Snap has announced it’s rolling out its own experimental chatbot “My AI” as part of a subscription product called Snapchat+ which can recommend gift ideas, plan getaway trips, suggest recipes and write haikus based on OpenAI’s GPT technology. But the company warned in a blog post that its AI is subject to “hallucinations” and can be tricked into saying anything. It also told users not to disclose anything secret or to rely on it for advice.
Amid the excitement and fears over the potential for the technology, there’s been swift deployment of generative AI across companies that has some embracing it for productivity gains, and others banning it over security and legal considerations.
Just how big a leap the technology is and where it sits on the AI roadmap remains to be seen.
Former US Secretary of State Henry Kissinger and former Alphabet Chair and Google CEO Eric Schmidt have hyped this moment as an “intellectual revolution” the likes of the Enlightenment. In a Wall Street Journal op-ed, they said the technology is poised to generate a new form of consciousness as it distills billions of items of textual material from the internet, books and other sources into human-like reasoning.
But AI thought leaders, like Meta’s Chief AI Scientist Yann LeCun and former Salesforce’s Chief Scientist Richard Socher, have been actively debunking the idea that generative AI is anywhere near achieving such “consciousness” and that it is simply a tool to aid humans in gaining efficiencies. Socher is the founder of You.com, a search engine with AI chat.
With battle lines being drawn, here’s a look at some of the companies that have gone all-in as early adopters, and others that are waiting it out.
Strategy Consulting Firms
Leading the charge to speed adoption through enterprise, OpenAI has forged a partnership with strategic consulting firm Bain & Company to integrate tools like chatbot ChatGPT, image generator DALL-E and text-to-code programming model Codex into their Fortune 500 clients’ marketing, sales, customer service, software development and business operations. Bain has also embedded OpenAI tools into many of its own internal processes, according to its Feb. 21 press release.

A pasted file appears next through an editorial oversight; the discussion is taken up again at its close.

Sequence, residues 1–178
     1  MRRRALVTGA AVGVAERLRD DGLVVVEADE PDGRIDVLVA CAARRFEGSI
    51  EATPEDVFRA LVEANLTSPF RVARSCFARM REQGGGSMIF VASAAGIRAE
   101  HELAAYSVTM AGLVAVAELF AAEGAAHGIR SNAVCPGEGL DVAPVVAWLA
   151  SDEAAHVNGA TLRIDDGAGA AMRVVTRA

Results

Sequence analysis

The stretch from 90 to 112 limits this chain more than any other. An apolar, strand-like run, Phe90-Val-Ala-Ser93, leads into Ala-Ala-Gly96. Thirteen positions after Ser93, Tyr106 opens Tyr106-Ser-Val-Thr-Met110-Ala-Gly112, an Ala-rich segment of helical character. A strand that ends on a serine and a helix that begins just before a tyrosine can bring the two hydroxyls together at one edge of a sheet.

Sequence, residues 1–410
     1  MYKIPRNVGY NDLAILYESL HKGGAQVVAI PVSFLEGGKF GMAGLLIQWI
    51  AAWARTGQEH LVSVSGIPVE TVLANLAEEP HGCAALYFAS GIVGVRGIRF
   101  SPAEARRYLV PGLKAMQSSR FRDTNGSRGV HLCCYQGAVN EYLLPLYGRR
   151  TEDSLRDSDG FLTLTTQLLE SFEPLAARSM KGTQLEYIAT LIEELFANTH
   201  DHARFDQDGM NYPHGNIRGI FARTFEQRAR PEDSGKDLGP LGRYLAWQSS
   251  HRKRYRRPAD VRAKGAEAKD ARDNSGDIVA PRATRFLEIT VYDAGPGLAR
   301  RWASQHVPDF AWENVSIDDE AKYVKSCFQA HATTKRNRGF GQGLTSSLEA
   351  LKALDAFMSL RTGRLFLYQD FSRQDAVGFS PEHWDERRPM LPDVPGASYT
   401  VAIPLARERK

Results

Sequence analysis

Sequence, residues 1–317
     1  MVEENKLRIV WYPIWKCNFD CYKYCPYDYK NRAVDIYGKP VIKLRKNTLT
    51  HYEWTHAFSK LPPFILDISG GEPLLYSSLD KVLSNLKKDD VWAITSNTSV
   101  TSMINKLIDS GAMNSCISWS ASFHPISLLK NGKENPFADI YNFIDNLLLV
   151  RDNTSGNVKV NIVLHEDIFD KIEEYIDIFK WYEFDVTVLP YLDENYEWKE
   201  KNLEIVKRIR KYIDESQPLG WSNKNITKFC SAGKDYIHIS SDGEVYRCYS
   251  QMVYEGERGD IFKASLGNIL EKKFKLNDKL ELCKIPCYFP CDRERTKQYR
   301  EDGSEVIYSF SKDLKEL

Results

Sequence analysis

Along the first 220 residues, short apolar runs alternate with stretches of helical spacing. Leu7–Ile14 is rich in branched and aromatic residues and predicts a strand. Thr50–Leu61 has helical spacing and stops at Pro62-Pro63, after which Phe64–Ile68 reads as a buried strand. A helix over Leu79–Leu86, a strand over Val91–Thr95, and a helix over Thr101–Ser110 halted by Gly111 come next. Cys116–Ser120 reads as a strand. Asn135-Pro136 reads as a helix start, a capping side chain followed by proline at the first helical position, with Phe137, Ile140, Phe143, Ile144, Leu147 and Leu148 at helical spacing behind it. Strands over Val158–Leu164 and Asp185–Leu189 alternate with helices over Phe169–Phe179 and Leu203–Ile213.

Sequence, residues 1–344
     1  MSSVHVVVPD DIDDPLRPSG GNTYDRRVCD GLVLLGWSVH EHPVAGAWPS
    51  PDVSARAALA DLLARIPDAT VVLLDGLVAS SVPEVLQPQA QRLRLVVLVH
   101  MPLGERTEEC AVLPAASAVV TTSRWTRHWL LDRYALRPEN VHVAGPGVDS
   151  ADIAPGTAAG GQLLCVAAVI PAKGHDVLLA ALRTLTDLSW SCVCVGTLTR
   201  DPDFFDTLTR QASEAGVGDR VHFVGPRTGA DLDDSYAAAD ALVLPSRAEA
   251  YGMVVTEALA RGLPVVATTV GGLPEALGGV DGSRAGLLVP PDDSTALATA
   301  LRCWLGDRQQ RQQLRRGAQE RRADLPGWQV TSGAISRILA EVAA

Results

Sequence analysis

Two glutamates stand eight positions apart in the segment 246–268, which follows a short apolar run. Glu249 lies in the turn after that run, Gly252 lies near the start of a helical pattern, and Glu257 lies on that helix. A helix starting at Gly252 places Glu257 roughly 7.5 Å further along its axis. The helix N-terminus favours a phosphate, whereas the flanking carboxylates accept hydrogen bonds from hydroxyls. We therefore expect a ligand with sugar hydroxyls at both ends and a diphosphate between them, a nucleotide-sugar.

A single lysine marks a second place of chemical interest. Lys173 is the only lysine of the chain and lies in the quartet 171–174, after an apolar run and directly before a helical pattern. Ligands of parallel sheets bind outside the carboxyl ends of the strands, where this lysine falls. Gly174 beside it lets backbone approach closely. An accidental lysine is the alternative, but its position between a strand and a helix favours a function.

Rival consultancy PwC Australia is taking a different approach experimenting with the technology while prohibiting staffers from using ChatGPT on client projects. “Our policies don’t allow our people to use ChatGPT for client usage pending quality standards that we apply to all technology innovation to ensure safeguards. We’re exploring more scalable options for accessing this service and working through the cybersecurity and legal considerations before we use it for business purposes,” Chief Digital Information Officer Jacqui Visch told the Financial Review.
The Coca-Cola Company is working with the OpenAI x Bain alliance to integrate ChatGPT and DALL·E into its content creation and brand experiences. “We see opportunities to enhance our marketing through cutting-edge AI, along with exploring ways to improve our business operations and capabilities,” said James Quincey, Chairman and CEO of The Coca-Cola Company, in the Bain announcement.
Meanwhile after experimenting with the technology for its Super Bowl ad, Avocados From Mexico decided to pull the plug on making its commercial with ChatGPT, a spokesperson told me.
Last month, media outlet Buzzfeed struck a $10 million deal with Meta to create content for Facebook and Instagram using OpenAI’s APIs. In a blog post, Buzzfeed founder and CEO Jonah Peretti said the company plans to use AI tools to help their creator network write more engaging posts with features like personalized quizzes where readers fill in the blanks to get a romcom written about them in 30 seconds. With 20% of Buzzfeed’s content coming from its creator network generating over a billion views last year, Peretti sees AI boosting the bottom line. “AI opens up a new era of creativity, where creative humans like us play a key role providing the ideas, cultural currency, inspired prompts, IP, and formats that come to life using the newest technologies,” he said.
Medium is also allowing its creator network to use ChatGPT on the platform as long as it’s disclosed, according to a blog post by its Vice President of Content Scott Lamb. CNET which had been creating AI-generated content for months, took a pause last month amid questions over inaccuracies and disclosures, according to The Verge.
Forbes has strictly prohibited its use.
Heavily-regulated banks and investment houses like JPMorgan Chase, Goldman Sachs, Bank of America, Wells Fargo, Citigroup and Deutsche Bank have all restricted employee access to ChatGPT, according to Bloomberg.
Yet, generative AI has become a darling of venture capital with some of the most visible investors in the space including Bessemer’s Sameer Dholokia, Coatue’s Thomas Laffont and Caryn Marooney, Lightspeed’s Gaurav Gupta, Greylock’s Saam Motamedi, General Catalyst’s Deep Nishar, Bloomberg Beta’s Amber Yang, Sequoia’s Konstantine Buhler, Founders Fund’s Leigh Marie Braswell, Benchmark’s Miles Grimshaw and Kleiner Perkins’ Bucky Moore. Several of which will be speaking at Cerebral Valley’s AI Summit on March 30 in Hayes Valley, San Francisco.
Updated with Snap details.